The outlook for the UK banking sector is extremely challenging. Brexit is expected to cause an economic slowdown, with the Bank of England downgrading its forecast growth rate from 2.3% to just 0.8% for 2017, which indicates that things could get worse before they get better.
This is bad news for challenger banks such as Virgin Money (LSE: VM). It’s UK-focused and its shares have fallen by 24% since the EU referendum, having previously benefitted from rising demand for loans as the UK economy moved from strength to strength. Increasing house prices also led to greater demand for property and Virgin Money was able to generate strong profitability as a result.
However, with the Bank of England now predicting a fall in house prices, demand for property is likely to fall. Similarly, greater job insecurity and the prospect of a higher unemployment rate is likely to hurt demand for new loans and cause a rise in defaults on existing loans. Certainly, the Bank of England’s reduction in interest rates may help, but it may not be enough to allow Virgin Money to record a rapidly rising bottom line over the near term.
One solution is to buy shares in a bank with little or no exposure to the UK economy. One such is Standard Chartered (LSE: STAN), which isAsia-focused. This provides it with stunning long-term growth potential, with demand for consumer discretionary products (including financial services) expected to rise by 7% per annum between now and 2020. Furthermore, financial product penetration in Asia is relatively low and with an ageing population, demand for savings and pension products is likely to be high.
Standard Chartered is, of course, in the midst of a major turnaround following a challenging period. While this increases its risk profile, it also means that the potential rewards are higher since the bank’s strategy to focus on compliance and improve efficiencies means it’s set to record a rise in earnings of 124% in the next financial year. This puts it on a price-to-earnings growth (PEG) ratio of 0.1, which indicates that it’s an excellent buy.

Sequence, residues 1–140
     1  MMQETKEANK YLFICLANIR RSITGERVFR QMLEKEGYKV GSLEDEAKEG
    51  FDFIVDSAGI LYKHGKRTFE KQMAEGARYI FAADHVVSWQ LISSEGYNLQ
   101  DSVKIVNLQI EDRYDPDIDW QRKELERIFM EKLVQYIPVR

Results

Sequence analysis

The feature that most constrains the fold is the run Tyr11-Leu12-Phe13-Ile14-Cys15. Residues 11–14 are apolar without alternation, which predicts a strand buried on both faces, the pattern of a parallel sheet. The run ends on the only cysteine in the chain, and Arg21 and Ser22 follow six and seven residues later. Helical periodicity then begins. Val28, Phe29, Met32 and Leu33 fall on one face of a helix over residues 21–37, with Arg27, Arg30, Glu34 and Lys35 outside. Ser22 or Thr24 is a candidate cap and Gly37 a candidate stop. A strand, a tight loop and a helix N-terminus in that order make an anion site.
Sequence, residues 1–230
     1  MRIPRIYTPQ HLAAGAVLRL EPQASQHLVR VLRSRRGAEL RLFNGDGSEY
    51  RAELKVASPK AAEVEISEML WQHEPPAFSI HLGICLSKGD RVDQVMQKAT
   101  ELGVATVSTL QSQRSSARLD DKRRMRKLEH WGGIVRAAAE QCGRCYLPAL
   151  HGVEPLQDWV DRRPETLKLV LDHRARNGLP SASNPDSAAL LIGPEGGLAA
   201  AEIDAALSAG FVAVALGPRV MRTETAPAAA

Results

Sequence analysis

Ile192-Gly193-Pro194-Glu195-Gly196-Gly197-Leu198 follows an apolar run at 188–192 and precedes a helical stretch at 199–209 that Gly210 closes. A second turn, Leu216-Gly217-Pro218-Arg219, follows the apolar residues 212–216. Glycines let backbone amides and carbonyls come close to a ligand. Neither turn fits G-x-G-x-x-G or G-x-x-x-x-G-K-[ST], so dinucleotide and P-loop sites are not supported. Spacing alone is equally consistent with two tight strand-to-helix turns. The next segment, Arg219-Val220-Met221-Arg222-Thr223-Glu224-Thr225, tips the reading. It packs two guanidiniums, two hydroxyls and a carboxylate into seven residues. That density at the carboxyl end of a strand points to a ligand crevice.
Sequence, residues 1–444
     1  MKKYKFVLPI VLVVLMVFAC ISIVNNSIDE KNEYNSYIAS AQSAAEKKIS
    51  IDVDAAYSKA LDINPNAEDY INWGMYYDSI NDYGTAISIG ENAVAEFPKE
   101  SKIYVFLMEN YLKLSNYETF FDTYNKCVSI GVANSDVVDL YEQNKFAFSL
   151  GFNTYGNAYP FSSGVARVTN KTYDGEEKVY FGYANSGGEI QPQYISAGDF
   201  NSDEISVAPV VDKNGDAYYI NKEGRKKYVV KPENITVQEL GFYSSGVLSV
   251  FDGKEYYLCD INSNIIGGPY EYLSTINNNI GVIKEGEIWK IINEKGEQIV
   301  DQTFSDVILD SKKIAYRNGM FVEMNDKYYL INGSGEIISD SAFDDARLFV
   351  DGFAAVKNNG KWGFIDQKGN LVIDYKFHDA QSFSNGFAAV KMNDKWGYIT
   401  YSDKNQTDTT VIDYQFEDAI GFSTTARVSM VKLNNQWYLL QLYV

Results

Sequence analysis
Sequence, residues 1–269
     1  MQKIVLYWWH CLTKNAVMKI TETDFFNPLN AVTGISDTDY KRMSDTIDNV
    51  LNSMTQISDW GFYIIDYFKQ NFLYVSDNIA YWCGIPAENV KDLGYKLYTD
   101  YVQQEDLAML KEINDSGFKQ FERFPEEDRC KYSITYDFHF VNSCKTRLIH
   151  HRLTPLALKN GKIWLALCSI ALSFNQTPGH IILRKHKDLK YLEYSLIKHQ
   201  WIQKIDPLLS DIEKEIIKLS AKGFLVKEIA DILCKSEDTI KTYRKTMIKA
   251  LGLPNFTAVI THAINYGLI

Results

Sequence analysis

However, the UK economy shouldn’t be ruled out completely. It may be about to endure a tough period but its long-term potential remains bright. Therefore, buying a bank with some exposure to the UK, but which also has a global presence may be a shrewd move. That could mean Barclays (LSE: BARC), which has a new management team that has already cut dividends to improve its financial standing.
It’s also seeking to make asset disposals as well as further efficiencies to boost profitability, with earnings forecast to rise by 51% in the next financial year. This puts Barclays on a PEG ratio of 0.2 and while this is higher than Standard Chartered’s PEG ratio of 0.1, Barclays has a more stable business model as well as greater diversity. This reduces its risk profile and makes it a better buy than Standard Chartered.
Barclays has the size and scale to cope with a severe downturn in the UK economy. While Virgin Money could likewise survive, its less diversified product offering, lack of size and scale compared to Barclays and its UK-focus all mean that Barclays offers a superior risk/reward ratio at the present time.
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Peter Stephens owns shares of Barclays and Standard Chartered. The Motley Fool UK has recommended Barclays. We Fools don't all hold the same opinions, but we all believe that considering a diverse range of insights makes us better investors.